Southern leads the overall series with Grambling, begun in 1932, by a 36–31 margin. Both teams are tied in the Bayou Classic era 21–all after Grambling State beat Southern 34–23 in 2015. Grambling claims the longest winning streak in the all-time series, 9 games from 1970 to 1978 (including SU's 1972 forfeit). Southern claims the longest winning streak in the Bayou Classic era, 8 games from 1993–2000 (the Jaguars also had a previous 8-game winning streak at the start of the series, in the games played between 1932–46). Grambling's 43–6 victory in 1980 ranks as the largest margin of victory in the Bayou Classic, while SU's 1935 victory (64–6) is the largest margin in the all-time series. Multiple trophies have been awarded to the winner of the Bayou Classic over the years. The most recent trophy, consisting of Waterford Crystal, was retired after the 2014 game after more than 25 years of service and presented to the Smithsonian Institution for its National Museum of African American History and Culture in Washington, DC. A newly designed trophy has been showcased since the 2015 game.
People prominently involved in the series include Ace Mumford (SU coach from 1936–42 and again 1944–61, prior to the Bayou Classic phase of the series), Eddie Robinson (GSU coach from 1941–42 and again 1945–97), Doug Williams (GSU player from 1974–77, SU consultant in 1985, and GSU coach from 1998–2003 and again 2011–13), Marino Casem (SU athletic director from 1986–99 and coach from 1987–88 and again 1992), Pete Richardson (SU coach from 1993–2009), and Rod Broadway (GSU coach from 2007–10). Mumford once had the third most wins among all college football coaches (behind Pop Warner and Amos Alonzo Stagg), and Robinson later had the most. Today Robinson still has the third most wins (behind John Gagliardi and Joe Paterno) and also has the most wins among all who coached at HBCU schools; Mumford now has the fourth most wins among HBCU coaches behind Robinson, Billy Joe, and John Merritt. Broadway holds the distinction of being the only coach to have ever won a black national title at three different schools, one of which was Grambling.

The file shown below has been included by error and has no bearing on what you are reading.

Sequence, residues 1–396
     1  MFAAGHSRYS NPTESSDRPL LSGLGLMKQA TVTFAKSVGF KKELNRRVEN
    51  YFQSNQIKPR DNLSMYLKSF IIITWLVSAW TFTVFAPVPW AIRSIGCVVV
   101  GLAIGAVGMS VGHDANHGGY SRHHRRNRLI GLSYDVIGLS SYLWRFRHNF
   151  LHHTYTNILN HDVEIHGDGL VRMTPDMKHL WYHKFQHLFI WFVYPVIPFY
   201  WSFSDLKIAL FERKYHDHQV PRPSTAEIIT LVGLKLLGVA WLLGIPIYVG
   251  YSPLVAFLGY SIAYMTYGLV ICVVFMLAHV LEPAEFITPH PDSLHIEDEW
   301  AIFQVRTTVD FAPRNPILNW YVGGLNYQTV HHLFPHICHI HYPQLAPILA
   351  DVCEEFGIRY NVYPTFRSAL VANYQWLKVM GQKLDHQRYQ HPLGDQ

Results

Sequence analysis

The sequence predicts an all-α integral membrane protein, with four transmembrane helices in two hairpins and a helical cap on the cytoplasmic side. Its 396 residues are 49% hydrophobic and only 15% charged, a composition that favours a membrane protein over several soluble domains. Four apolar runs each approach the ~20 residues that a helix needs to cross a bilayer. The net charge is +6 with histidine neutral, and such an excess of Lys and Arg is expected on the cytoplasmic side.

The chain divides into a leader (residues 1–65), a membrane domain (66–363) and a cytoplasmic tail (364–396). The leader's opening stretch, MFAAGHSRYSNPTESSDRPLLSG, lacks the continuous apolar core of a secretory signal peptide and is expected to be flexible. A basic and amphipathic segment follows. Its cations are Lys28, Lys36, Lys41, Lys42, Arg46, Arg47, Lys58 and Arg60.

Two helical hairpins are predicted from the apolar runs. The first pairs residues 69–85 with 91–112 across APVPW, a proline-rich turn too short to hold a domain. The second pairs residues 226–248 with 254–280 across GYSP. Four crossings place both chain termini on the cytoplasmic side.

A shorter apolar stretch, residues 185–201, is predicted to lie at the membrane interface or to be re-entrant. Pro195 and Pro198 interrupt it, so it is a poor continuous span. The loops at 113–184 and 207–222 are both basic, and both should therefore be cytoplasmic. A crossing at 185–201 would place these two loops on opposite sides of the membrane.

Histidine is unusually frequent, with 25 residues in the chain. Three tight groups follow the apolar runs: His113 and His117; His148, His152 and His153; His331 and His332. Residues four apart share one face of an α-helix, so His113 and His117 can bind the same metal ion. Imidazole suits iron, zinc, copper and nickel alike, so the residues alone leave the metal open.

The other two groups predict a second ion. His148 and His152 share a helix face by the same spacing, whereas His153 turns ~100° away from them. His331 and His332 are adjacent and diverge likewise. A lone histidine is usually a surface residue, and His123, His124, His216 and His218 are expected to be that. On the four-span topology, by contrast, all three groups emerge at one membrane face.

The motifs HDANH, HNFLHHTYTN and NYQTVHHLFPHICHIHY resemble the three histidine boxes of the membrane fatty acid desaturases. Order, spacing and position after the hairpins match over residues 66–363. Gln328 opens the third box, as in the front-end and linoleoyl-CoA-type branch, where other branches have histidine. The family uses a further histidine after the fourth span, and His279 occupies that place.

Prior to 1974, though the game was viewed as a big rivalry between the two schools, it was not near the media spectacle that it is today. After it was re-branded as the Bayou Classic and moved to New Orleans, a trophy was added and numerous events were also scheduled to be held throughout the week leading up to the game itself. Games in the series played before 1974 are generally not included within the context of the Bayou Classic's historical lineage. SU led the series 15–10 up until that point. The annual game was known to be touted as a "classic" as early as the 1948 meeting, a game that the Jaguars won in an 18–0 upset before 10,000 fans. According to Ken Rappoport and Barry Wilner in their book Football Feuds: The Greatest College Football Rivalries (2007), a brawl during that game led to a suspension of the series for the next decade (a period in which the Jaguars won three black national championships) and complicated GSU's admittance to SWAC membership until shortly before the rivalry was resumed in 1959. With the renewal of the series in 1959, the game was again billed as a "classic" but proved a bittersweet return as five fans were killed in a vehicular accident on their way to the game. Rappoport and Wilner noted in their book that the series was again interrupted in 1972, this time due to unrest on host Southern's campus—which resulted in a forfeiture by SU. The game was then moved off-campus to a neutral site (Shreveport) the following year, drawing a large crowd of 40,000 and influencing the decision to create the Bayou Classic.